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Is Morocco’s boycott the future of political resistance in north Africa?

The further developments in Morocco will be watched with much care throughout the region

Protest movements in the Middle East and North Africa are not confined by geographical boundaries: groups pick up strategies, technologies, slogans and songs from their counterparts across the region. Traditionally, Morocco has not been a noted exporter of protest movements. But this is likely to change.

Since the repression of the Hirak movement in the Rif region, protesters in Morocco have shown remarkable creativity in organising protests that were difficult for the security services to repress, including banging pots and pans on rooftops, and marching on the beach, forcing the police to chase them into the waves of the Mediterranean.

A growing social divide

The most effective strategy, however, has been an ongoing boycott of three companies: Centrale Danone, a producer of dairy products and part of the French Danone corporation, Sidi Ali, a producer of mineral water, and Afriquia, a petrol distributor. The companies are seen as overcharging, and complicit in rising inflation and a growing social divide within the north African country.

So far, the boycott has been a success for its participants: Centrale Danone has already announced that its revenues have halved since the beginning of the boycott. The harsh public rhetoric against the boycott, calling it "treason" or "fake news", are an indication of its power, as neither titans of industry nor the state can force its end.

 The boycott is surgically precise in its targets, cutting to the heart of Morocco's political economy

The boycott's success has been rooted in both its diffusion and its precision. It has been diffuse in its organisation, spreading largely through social media, and so far, no clear origin, political affiliation or leadership structure has emerged.

At the same time, the boycott is surgically precise in its targets, cutting to the heart of Morocco's political economy. Its choice of products not only highlights the rising costs of living for many Moroccans, but also the entanglement between big business and politics. Most notably, Aziz Akhannouch, the head of Afriquia, also leads the RNI party and holds a cabinet positon.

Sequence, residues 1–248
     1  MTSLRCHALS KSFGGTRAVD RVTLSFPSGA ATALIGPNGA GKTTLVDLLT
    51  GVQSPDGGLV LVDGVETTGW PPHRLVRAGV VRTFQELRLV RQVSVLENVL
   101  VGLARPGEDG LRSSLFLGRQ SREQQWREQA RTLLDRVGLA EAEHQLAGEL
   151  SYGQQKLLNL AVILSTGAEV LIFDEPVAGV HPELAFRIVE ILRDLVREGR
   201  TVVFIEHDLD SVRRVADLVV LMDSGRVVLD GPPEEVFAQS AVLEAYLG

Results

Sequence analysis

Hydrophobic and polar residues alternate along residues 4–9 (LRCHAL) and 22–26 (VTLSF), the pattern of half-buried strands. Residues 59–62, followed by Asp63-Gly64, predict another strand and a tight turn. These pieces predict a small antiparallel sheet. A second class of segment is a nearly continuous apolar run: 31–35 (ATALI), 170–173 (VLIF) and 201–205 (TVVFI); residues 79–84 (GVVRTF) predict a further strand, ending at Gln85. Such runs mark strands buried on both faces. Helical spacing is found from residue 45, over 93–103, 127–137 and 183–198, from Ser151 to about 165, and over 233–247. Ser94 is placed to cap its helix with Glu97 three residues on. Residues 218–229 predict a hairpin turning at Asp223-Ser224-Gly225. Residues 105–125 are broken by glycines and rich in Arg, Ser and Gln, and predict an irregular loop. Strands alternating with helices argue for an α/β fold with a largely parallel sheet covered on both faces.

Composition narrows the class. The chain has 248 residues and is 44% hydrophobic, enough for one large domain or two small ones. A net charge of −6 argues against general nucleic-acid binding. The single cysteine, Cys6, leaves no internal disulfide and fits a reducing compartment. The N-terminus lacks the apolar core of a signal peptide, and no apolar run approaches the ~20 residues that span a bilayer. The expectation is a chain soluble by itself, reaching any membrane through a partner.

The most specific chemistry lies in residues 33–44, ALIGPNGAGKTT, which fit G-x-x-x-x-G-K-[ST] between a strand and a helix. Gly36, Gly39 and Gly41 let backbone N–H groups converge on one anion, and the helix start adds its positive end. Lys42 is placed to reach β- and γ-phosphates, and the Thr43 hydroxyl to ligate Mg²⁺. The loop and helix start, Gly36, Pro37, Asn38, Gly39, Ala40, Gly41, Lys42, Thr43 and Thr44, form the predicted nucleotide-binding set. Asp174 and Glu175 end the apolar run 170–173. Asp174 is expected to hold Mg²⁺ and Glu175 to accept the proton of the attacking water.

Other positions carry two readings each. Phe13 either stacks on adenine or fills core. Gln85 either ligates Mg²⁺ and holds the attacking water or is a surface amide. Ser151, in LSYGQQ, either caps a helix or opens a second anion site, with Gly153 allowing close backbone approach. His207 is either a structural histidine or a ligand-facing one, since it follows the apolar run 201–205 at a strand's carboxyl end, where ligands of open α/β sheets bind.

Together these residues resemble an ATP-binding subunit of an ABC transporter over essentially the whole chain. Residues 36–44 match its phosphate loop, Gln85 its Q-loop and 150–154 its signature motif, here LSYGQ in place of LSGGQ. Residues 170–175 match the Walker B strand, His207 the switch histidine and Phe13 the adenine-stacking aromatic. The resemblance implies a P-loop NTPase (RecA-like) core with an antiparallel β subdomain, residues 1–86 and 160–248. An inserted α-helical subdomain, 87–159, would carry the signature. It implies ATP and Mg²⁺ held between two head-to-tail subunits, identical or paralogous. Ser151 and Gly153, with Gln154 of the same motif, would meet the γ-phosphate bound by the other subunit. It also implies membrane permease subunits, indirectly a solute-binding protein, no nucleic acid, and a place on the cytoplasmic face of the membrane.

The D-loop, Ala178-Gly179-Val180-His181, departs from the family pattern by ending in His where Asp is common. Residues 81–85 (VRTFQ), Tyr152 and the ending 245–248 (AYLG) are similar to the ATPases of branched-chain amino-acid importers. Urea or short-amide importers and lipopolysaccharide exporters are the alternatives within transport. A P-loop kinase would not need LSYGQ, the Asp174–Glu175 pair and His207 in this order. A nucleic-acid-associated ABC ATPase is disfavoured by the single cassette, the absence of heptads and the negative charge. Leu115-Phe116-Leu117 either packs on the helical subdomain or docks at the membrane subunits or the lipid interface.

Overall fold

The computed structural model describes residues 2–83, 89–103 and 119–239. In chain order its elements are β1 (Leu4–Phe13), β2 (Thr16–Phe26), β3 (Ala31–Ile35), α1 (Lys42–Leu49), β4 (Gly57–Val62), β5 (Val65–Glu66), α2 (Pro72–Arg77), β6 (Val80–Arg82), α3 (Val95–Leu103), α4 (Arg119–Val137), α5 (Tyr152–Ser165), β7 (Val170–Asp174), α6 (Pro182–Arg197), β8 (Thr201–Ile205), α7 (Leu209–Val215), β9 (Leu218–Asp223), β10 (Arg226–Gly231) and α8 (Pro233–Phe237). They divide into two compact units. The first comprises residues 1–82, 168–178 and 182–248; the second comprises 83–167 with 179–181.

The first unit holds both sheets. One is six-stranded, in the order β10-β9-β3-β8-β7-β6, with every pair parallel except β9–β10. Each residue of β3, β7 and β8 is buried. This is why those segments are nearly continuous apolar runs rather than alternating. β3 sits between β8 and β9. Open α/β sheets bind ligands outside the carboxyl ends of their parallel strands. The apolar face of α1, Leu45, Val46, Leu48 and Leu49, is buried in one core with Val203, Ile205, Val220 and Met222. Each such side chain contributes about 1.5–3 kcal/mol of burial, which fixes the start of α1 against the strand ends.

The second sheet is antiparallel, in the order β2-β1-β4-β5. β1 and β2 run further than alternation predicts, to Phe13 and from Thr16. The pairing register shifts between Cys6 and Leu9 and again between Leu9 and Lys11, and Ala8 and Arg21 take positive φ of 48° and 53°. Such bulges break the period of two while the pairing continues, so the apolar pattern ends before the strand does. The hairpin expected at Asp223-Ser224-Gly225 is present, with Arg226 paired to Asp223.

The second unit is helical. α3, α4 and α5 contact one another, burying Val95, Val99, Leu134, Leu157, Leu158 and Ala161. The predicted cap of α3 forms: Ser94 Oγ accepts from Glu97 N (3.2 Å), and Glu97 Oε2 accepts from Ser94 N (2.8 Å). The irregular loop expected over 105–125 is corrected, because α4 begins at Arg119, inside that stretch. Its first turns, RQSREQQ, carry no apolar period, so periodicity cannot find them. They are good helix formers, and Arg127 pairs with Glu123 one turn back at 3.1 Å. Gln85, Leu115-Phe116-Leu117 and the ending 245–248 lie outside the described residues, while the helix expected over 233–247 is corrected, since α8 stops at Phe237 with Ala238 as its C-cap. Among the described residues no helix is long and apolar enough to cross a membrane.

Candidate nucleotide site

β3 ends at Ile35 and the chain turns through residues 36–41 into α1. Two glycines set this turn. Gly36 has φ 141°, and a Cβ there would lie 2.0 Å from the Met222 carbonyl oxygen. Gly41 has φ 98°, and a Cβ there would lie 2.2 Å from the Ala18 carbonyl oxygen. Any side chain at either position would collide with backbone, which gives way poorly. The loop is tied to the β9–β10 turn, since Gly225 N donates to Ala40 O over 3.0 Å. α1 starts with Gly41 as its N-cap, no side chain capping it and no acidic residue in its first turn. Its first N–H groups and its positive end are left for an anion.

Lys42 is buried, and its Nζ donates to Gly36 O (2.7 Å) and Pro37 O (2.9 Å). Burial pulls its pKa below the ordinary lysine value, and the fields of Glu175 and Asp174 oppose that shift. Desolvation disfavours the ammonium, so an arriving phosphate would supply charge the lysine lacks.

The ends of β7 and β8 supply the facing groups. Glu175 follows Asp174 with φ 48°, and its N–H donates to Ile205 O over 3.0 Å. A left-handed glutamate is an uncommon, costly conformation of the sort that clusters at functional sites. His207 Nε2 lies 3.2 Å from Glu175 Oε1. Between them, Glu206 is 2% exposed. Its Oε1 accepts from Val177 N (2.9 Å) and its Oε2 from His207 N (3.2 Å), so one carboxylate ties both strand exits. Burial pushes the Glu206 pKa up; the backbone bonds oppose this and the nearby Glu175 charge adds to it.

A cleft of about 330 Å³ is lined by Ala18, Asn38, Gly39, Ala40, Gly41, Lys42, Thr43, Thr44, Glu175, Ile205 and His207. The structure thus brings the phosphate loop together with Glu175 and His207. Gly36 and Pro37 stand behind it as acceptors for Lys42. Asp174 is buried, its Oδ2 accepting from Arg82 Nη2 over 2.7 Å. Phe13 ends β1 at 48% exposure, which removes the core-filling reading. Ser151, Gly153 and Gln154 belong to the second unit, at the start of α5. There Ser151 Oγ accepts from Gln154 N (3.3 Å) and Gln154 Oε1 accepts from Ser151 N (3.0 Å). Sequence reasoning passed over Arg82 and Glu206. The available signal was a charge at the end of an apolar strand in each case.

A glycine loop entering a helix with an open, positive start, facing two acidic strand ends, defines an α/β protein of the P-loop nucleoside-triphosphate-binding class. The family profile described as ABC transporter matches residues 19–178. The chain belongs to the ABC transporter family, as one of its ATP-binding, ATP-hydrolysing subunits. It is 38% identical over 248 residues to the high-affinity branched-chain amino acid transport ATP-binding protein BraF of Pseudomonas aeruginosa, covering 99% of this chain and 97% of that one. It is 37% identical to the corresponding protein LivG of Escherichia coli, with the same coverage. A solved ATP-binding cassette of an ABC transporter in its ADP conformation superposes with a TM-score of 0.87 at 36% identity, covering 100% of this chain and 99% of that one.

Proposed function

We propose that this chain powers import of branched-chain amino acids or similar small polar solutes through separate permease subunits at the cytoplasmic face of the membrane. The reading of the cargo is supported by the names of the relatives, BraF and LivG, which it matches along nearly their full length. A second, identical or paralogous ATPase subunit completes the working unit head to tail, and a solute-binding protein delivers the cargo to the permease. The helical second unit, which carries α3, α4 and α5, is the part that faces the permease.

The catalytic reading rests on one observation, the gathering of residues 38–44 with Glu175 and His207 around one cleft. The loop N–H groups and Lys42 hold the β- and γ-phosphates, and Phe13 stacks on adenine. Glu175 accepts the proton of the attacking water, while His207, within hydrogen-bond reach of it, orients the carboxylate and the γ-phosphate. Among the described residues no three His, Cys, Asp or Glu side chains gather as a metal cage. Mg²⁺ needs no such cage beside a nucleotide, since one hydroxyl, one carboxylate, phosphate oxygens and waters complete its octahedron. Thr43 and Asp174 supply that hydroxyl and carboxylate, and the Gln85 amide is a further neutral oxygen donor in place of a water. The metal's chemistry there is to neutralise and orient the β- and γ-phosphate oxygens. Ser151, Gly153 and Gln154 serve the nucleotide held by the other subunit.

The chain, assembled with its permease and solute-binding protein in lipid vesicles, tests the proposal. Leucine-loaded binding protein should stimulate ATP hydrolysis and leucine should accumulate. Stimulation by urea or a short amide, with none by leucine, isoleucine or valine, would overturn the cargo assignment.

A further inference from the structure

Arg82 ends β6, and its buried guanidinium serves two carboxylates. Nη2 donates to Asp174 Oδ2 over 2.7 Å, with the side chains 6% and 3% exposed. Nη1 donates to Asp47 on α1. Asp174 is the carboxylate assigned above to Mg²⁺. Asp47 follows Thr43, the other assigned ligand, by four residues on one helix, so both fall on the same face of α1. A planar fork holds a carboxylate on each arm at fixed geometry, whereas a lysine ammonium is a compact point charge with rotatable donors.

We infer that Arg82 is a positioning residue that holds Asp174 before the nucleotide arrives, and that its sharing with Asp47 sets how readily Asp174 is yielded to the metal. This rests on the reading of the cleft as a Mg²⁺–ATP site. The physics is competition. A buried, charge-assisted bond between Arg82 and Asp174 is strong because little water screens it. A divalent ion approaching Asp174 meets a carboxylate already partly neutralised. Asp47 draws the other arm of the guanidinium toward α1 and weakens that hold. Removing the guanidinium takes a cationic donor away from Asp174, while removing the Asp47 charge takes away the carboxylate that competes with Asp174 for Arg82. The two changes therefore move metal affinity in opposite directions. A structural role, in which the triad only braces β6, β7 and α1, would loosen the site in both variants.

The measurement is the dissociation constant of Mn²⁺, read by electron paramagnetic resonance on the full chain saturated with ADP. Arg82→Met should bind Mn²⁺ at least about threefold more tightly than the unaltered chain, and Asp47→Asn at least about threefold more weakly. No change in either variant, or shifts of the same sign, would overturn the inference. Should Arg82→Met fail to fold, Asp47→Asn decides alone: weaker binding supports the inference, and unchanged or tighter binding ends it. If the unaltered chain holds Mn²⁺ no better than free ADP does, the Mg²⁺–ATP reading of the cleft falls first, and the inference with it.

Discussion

Miriem Bensalah Chekroun, the head of the company producing Sidi Ali water, is the former head of Morocco's confederation of enterprises, CGEM. It is in its focus on this intersection where this boycott movement makes a novel contribution to north Africa's protest culture.

While boycotts themselves are not entirely new in the region, ranging from the 1912 Tunis tram boycott and local chapters of BDS to the more recent Algerian car boycott, the scope and the focus of this movement are unique.

Politics and big business

Rising costs of living, an entanglement of politics and big business, and crackdowns against traditional forms of protests – none of these elements are limited to Morocco, but are instead experienced across north Africa.

This raises the question: can this form of boycott provide a model for political resistance in the region? Could it provide a space for voicing popular disapproval of austerity politics, the economic role of some of the regions’ militaries, corruption and crony capitalism?

Centrale Danone has announced its revenues have halved since the beginning of the boycott (AFP)
The space for the adaptation of this strategy across the region appears enormous. In order to anticipate in which contexts we might expect further boycotts, and to what outcome, it is worth looking at some of the advantages and drawbacks of this particular strategy.  

What makes a boycott so attractive for protesters – from Montgomery to Morocco – who have experienced violent crackdowns against other forms of protests is that it is practically impossible to suppress through the security forces. While governments can rail against the boycott and crack down on websites that advertise it, the simple everyday action of not buying a certain product can hardly be prosecuted.